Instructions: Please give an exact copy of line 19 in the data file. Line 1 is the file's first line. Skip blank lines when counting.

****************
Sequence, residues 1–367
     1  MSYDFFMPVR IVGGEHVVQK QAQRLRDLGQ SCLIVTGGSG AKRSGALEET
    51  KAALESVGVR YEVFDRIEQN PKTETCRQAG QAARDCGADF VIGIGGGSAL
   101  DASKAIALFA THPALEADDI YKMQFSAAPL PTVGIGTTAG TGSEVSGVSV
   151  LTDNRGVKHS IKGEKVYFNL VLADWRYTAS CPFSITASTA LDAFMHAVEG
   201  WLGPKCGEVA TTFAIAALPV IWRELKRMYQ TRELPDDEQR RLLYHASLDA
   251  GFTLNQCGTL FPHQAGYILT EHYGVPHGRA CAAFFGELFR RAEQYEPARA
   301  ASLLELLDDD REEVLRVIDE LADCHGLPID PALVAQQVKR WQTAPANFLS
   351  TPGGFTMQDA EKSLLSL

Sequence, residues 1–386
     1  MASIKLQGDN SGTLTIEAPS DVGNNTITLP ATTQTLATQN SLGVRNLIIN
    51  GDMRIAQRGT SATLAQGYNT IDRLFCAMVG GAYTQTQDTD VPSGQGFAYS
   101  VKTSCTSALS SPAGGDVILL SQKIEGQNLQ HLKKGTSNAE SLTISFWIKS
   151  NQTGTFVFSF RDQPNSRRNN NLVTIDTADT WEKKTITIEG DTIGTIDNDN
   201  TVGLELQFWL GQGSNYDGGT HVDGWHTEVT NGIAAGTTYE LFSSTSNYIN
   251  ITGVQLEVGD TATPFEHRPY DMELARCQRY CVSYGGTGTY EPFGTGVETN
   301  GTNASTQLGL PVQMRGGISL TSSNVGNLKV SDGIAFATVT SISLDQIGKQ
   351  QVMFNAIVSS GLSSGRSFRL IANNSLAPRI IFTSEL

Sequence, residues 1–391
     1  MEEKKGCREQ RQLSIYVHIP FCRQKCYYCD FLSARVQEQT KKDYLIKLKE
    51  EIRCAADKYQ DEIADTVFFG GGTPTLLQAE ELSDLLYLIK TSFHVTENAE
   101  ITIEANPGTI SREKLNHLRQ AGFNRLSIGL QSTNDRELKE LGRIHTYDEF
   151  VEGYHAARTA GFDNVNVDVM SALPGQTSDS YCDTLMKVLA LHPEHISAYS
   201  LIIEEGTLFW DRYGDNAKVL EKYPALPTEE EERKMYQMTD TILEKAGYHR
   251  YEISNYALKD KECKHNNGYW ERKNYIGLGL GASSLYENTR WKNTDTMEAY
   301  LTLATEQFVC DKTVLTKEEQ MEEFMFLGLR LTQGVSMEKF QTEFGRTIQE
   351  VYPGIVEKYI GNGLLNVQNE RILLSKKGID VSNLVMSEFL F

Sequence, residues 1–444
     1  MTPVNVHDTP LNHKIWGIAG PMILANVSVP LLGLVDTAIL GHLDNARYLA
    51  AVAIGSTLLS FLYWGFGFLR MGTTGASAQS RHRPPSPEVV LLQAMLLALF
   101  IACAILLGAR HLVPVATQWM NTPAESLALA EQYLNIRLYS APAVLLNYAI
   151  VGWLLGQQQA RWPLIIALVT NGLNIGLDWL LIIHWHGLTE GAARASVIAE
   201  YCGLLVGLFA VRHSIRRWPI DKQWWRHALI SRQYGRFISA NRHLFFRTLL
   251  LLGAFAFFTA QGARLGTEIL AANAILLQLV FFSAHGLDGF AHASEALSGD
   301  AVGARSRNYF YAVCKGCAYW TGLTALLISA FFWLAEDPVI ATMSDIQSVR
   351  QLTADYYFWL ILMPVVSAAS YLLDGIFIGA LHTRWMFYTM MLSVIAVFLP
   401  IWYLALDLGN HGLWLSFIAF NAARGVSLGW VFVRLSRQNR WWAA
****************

Sequence, residues 1–391